Transitioning to Sustainable Methods in Sugarcane Farming

1994 Annual Report for AS94-017

Project Type: Research and Education
Funds awarded in 1994: $0.00
Projected End Date: 12/31/1996
ACE Funds: $15,000.00
Region: Southern
State: Louisiana
Principal Investigator:
Jackie Judice
Northside Planting Co.

Transitioning to Sustainable Methods in Sugarcane Farming


Sugarcane farming in Louisiana presently uses methods of intense aerial application of pesticides during the growing season and burning of leaves surrounding the stalk at harvest time.

This project provided for designing and building equipment that would accomplish the following:
1.) Eliminate or reduce aerial application of pesticides in sugarcane production.

2.) Reduce the volume of pesticide application and combat pests (sugarcane borer) more effectively.

3.) Reduce drift and overspray which has contributed to human health problems, fish kills and wildlife damage.

4.) Decrease capital input of sugarcane farming and make the operation more sustainable while farmers look for alternatives to diversify their operations.

5.) Improve air quality especially during harvest time when burning sugarcane is prevalent in a 22-parish area.

6.) Provide a mulch for stubble cane fields where sugarcane has been cut and stalks have been removed, thus preventing runoff and providing winter protection to new shoots.

7.) Provide improved pesticide safety for applicators.

The completed design consists of a six-wheel, skid steering, 53HP power unit. It has a sealed air-conditioned cab with a special filtering system, which protects the operator from chemical drift at all times. A radar sensored computer allows pinpoint accuracy in applying pesticides so that only what is needed is applied.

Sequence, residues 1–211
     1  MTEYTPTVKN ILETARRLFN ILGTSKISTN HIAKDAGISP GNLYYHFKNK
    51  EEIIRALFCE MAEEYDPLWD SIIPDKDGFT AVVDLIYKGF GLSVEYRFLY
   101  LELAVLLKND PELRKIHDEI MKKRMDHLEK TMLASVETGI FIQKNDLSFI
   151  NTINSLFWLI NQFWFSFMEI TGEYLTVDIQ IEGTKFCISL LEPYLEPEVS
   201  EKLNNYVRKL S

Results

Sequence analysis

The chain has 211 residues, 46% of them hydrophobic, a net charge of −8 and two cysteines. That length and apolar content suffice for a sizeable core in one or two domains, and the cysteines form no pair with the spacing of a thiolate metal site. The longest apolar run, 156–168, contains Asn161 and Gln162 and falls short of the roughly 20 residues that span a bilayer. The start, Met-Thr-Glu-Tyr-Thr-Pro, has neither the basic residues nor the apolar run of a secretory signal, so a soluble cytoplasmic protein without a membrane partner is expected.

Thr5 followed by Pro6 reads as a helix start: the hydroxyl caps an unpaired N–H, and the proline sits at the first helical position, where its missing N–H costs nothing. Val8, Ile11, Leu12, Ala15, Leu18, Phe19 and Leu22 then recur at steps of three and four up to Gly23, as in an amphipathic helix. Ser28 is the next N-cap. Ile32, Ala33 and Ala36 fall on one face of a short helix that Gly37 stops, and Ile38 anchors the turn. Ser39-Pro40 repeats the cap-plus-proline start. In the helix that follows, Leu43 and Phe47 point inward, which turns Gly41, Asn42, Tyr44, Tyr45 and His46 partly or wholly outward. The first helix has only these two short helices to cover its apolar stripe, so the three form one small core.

The sprayer is mounted on a Hy Cycle trailer pulled by the power unit. Double tandem flotation tires distribute the weight to the side of the rows where the soil drains and dries quickly rather than in the bottom of the furrow where the soil stays soggy. The spray loom can be operated in a range from three to eleven feet off the ground. It sprays eight six-foot cane rows in one pass.

A third component in the works will use suction fans to remove dry leaves from sugarcane stalks and turn them into mulch, eliminating the need to burn off the leaves (farmers are penalized if leaves are not removed from stalks before the cane arrives at the mill for processing). The mulch will reduce soil runoff, protect the new shoots and prevent weed growth.

The power unit and sprayer were demonstrated at two parish field days, where they generated much interest among other sugarcane farmers. The demonstrations also generated feature stories in the Daily Iberian and the Southern SAWG newsletter Southern Sustainable Farming.

December 1995.